Lausanne, 31 May 2010 - The Court of Arbitration for Sport (CAS) has partially upheld the appeals filed by the International Cycling Union (UCI) and the World Anti-Doping Agency (WADA) against the Spanish Cycling Federation (RFEC) and the Spanish cyclist Alejandro Valverde. Accordingly, the CAS has imposed a two-year ban on Alejandro Valverde starting on 1 January 2010 but has denied the request of the UCI and WADA that results obtained by the athlete prior to the beginning of the suspension be annulled.
This matter arose as a result of the Spanish criminal investigation (Operación Puerto) which began in May 2004. On 29 August 2007, the UCI requested the RFEC to initiate disciplinary proceedings against Alejandro Valverde on the basis of the evidence gathered within the Operación Puerto proceedings, including the blood bag labelled “blood bag number 18”, the blood from which was purported to belong to Mr Valverde. On 7 September 2007, the RFEC denied the UCI’s request and refused to open disciplinary proceedings against Mr Valverde. In October 2007, both the UCI and WADA each filed an appeal with the CAS, requesting that Alejandro Valverde be found guilty of an anti-doping rule violation and that a two year suspension be imposed. Later, the Italian authorities opened disciplinary proceedings against Mr Valverde on the basis of evidence which they had in their possession, including a sample and DNA analysis of the blood from “blood bag number 18”. On 11 May 2009, the CONI Anti- Doping Tribunal (TNA) ruled that Mr Valverde had committed “use, or attempted use of a prohibited substance or a prohibited method” and, as a consequence, the athlete was banned for two years from participating in events organised under the auspices of CONI or related national sports organisations in Italy. Mr Valverde appealed the TNA decision to the CAS and, on 16 March 2010, the CAS confirmed the two year ban.
In its decision, the CAS Panel found, by a majority, that it could use the evidence collected in the course of the Operación Puerto for the purpose of the CAS arbitration. The CAS Panel also found, by a majority, that the scientific evidence which consisted, in essence, of:
• Blood bag number 18
• Scientific evidence that such blood contained EPO
• DNA evidence that clearly demonstrated that blood bag number 18 contained Mr Valverde’s blood
was sufficient to conclude that Mr Valverde committed an anti-doping rule violation, considering that Mr Valverde’s blood contained EPO, a prohibited substance according to Article 15 of the Anti-Doping Regulations (ADR) of the UCI (precisely, Article 15.2 of the UCI ADR: “Use or attempted use by a rider of a prohibited substance or prohibited method”). On the basis of the same regulations, a two-year suspension has been imposed on Alejandro Valverde, starting on 1 January 2010, in order to take into account, among other reasons, the fact that the CAS hearing which was initially scheduled for November 2009 had to be postponed until March 2010. Finally, the CAS considered that there was no evidence that any of the results obtained by Mr Valverde prior to 1 January 2010 was through doping infraction and decided that the appellants’ request to annul those results should be denied. The award, with the grounds, is published on the CAS website (www.tas-cas.org/recent- decision).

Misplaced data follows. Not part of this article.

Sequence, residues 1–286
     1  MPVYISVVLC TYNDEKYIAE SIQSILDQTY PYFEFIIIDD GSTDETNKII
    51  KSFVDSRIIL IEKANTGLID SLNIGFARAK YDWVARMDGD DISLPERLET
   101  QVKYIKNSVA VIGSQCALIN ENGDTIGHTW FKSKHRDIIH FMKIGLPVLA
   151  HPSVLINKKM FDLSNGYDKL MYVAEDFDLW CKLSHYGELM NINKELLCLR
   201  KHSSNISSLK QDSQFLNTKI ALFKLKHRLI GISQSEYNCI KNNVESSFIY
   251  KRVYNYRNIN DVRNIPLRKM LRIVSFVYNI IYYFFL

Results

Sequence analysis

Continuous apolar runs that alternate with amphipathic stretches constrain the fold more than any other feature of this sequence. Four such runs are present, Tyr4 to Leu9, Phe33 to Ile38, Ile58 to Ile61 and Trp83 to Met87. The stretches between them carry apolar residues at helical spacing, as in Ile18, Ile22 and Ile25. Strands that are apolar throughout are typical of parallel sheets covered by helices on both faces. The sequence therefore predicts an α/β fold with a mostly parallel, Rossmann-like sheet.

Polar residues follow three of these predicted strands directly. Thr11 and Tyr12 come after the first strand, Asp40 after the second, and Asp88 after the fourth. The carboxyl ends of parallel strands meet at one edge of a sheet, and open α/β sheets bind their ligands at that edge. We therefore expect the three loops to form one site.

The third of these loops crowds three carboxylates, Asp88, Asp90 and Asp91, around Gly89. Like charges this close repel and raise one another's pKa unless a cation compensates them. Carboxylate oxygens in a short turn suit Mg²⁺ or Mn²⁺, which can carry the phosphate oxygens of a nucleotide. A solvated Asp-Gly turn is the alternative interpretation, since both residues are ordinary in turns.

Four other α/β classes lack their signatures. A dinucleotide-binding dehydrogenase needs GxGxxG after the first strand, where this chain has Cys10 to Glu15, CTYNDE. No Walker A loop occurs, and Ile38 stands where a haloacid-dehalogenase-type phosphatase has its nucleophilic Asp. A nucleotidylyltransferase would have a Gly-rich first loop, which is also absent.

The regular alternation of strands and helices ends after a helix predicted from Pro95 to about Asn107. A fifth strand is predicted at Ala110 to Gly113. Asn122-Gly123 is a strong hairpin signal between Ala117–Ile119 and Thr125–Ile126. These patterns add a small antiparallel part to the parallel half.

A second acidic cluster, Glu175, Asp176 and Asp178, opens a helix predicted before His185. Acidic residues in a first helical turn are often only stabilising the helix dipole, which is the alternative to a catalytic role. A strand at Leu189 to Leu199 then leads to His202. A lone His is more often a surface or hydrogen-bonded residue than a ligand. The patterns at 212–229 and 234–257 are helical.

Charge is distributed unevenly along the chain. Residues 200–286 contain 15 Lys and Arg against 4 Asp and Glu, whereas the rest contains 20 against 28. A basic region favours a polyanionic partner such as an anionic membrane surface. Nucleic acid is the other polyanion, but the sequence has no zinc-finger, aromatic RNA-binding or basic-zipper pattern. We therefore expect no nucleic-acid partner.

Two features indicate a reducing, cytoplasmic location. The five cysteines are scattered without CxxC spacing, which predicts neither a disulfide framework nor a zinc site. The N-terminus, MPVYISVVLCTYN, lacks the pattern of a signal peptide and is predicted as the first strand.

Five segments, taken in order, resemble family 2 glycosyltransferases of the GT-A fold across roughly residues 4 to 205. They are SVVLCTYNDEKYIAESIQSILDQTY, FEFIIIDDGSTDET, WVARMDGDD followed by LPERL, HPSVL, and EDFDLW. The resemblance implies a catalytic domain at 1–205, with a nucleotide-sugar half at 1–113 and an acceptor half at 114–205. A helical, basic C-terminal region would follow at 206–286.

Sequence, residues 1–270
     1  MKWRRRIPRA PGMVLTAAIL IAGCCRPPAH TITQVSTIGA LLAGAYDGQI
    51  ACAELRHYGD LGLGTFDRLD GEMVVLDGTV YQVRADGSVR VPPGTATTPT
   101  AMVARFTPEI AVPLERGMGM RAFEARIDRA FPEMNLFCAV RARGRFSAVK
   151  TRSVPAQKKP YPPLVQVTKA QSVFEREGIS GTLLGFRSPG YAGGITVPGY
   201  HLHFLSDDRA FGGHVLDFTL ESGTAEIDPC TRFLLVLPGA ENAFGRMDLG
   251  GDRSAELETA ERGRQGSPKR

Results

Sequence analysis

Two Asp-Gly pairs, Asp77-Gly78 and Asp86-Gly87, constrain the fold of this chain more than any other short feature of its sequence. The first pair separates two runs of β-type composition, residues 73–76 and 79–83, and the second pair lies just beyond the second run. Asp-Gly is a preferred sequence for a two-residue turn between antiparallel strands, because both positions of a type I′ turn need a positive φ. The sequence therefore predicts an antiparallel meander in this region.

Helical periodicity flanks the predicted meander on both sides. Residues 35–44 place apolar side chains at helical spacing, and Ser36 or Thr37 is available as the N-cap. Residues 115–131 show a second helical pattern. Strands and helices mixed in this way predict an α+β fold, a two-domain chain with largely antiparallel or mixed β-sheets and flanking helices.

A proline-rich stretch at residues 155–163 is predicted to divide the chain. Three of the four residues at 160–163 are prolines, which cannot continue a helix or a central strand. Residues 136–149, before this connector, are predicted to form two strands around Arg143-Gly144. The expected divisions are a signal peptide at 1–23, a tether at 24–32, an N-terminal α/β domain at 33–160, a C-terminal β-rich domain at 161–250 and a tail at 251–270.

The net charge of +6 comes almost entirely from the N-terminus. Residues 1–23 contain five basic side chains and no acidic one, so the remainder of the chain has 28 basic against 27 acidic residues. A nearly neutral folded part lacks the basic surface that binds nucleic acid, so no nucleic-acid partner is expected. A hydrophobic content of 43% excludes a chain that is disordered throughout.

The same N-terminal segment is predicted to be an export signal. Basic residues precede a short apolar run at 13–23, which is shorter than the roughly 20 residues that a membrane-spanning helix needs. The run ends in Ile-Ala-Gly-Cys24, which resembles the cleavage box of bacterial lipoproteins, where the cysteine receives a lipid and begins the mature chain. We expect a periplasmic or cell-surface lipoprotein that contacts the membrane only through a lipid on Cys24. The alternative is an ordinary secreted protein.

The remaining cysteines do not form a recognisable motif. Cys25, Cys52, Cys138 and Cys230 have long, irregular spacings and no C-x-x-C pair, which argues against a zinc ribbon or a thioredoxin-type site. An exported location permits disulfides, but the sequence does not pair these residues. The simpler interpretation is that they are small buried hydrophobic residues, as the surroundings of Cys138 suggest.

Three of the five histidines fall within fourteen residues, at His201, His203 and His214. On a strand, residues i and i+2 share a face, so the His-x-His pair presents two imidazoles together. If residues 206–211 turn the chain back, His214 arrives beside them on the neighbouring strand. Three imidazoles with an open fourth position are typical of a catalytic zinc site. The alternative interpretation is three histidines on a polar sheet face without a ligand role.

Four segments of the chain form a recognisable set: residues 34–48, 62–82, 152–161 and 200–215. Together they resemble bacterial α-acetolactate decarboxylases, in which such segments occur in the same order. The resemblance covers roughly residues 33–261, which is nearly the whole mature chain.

Lausanne, 21 May 2010 - The Court of Arbitration for Sport (CAS) has dismissed the appeal filed by the World Anti-Doping Agency (WADA) against the decision of the American Arbitration Association (AAA) imposing a one year suspension on the US swimmer Jessica Hardy, commencing on 1 August 2008.
In July 2008, Jessica Hardy competed in the US Olympic team trials in Omaha, USA, in order to qualify for the Beijing Olympic Games. During this event, Jessica Hardy underwent a doping control which was later reported to be positive for clenbuterol, a prohibited substance (steroid). Such adverse analytical finding was confirmed by the B sample analysis. By a decision of 30 May 2009, the AAA confirmed a preliminary decision in the same matter, which imposed a one year ban commencing on 1 August 2008. The AAA Panel considered that the negligence of the athlete was not significant as she took nutritional supplements after having obtained assurances from the manufacturer.